Rinsing your hair very well is important. Make sure your hair is tangle free before you wash. Tangles will trap the flour and make it hard to remove. Some people sift the flour before using to make. If you have thick or easily tangled hair, it may be more difficult for you to rinse it out. It can be done, just might take some more effort. The flour does have to come out by rinsing before it dries. I thought I would be able to brush it out after my hair dried. That is not the case at all.

Rye flour is pH balanced for hair and conditioning and acid isn't needed and is optional. Learn more about pH balanced hair care here.

Egg Wash

Yep, egg washes your hair. And it also conditions and strengthens it. Eggs have a lot of protein and that protein adds volume to your hair. The most important thing to remember when doing an egg wash is to use cool water from start to finish. Warm / hot water will cook the egg and you will have scrambled eggs in your hair that seems impossible to get out.

It is also important not to do egg washes too often. If your hair becomes stiff from an egg wash, that’s an indicator that your hair has overdosed on protein. Some hair types do not respond well to any additional protein.

  • Beat an egg and apply to wet hair (be sure to use cool water; apply from the scalp to the ends of your hair). You can add about a tablespoon of water and/or honey to the egg if desired.
  • Leave in for 5-15 minutes.
  • Rinse completely with cool water.
A conditioning or acidic rinse afterwards is optional.

Boar Bristle Brush and Scritch & Preen

Learn more about scritch and preen here:

Boar bristle brushes (BBB) range from inexpensive to super expensive. BBBs can be 100% boar bristles or a mix of nylon and boar bristles. For fine hair, a pure bristle brush is better. For thick / coarse hair, a nylon mix is better. It’s best to use your BBB for preening only. Using it for detangling and on wet hair can damage your hair. The BBB is used to distribute your natural sebum oils.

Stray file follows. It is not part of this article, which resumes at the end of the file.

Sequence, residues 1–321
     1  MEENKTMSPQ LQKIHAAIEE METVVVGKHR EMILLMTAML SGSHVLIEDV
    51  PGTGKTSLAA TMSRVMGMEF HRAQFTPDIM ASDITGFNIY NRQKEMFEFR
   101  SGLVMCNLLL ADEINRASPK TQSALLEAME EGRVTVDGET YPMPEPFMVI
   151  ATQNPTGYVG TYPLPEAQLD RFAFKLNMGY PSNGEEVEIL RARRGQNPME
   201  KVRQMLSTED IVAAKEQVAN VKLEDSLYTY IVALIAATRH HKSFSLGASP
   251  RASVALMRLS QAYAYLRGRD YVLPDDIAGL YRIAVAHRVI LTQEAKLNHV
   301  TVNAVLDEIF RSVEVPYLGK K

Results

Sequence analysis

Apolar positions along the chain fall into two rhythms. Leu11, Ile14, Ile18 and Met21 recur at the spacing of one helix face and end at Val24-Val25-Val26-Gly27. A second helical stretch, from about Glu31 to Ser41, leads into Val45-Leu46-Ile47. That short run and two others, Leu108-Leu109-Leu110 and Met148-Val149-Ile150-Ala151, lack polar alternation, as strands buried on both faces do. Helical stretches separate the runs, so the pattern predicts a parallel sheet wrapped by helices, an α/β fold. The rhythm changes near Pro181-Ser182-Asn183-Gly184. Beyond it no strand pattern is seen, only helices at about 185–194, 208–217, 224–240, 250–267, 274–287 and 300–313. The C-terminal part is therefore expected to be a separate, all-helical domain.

How to scritch & preen:

  • Detangle your hair with a comb or your fingers
  • Scritch your hair. Scritch is massaging your scalp with your fingers. This takes 5-10 minutes. Massage your entire scalp with your fingertips. This encourages oil / sebum production.
  • Preen your hair. Use your BBB to “pull” the oils down your hair. Section your hair into small sections and brush all the way from the roots to the ends. This distributes the oils down the length of your hair and moisturizes. This process takes 10-20 minutes depending on how much hair you have.
BBB and scritch & preen often to moisturize your hair & encourage hair growth. Some people do it only on days they wash their hair (either water only or with products) and some people do it daily. It’s important to wash your brush regularly to remove the oils. Castile soap or dish soap (I use this one) and hot water works.

Essential Oils

You can infuse essential oils to all of these methods. I do! When I wash my hair with rye flour, I add a couple drops of essential oils. When I make a hair serum, I add essential oils. When I mix my dry shampoo (get the recipe here), I add essential oils

Essential oils promote a healthy scalp, add shine, nourish your hair, and add a wonderful, natural scent. 

My favorite essential oils for hair include:

How to use essential oils with no poo:

  • For a single use, I use about two to three drops of essential oils. For example, when I make my rye flour paste, I use two to four tablespoons of rye flour, mix with water to make a paste, and add about two to three drops of essential oils. You can do the same with clay, baking soda, egg, or any other wash you are using. 
  • For premixed recipes, I add 10–15 drops per cup of mix. So if you were to mix a liquid castile soap shampoo, mix your soap and water to desired ratio (anywhere from 1 teaspoon of soap per cup of water to a 50/50 mix), and add 10–15 drops of essential oils of choice. I do the same with my dry mixes like dry shampoo (get the recipe here). 
  • You can also do this with your vinegar rinse, especially if you don’t like the vinegar smell. 
  • For a hair serum, I mix a carrier oil with essential oils. My personal favorite is argan oil. I mix two oz. of argan oil with about 30 drops of essential oils. I use just two to four drops of this mix at a time on the ends of my hair to add shine and tame flyaways. Read about argan oil here.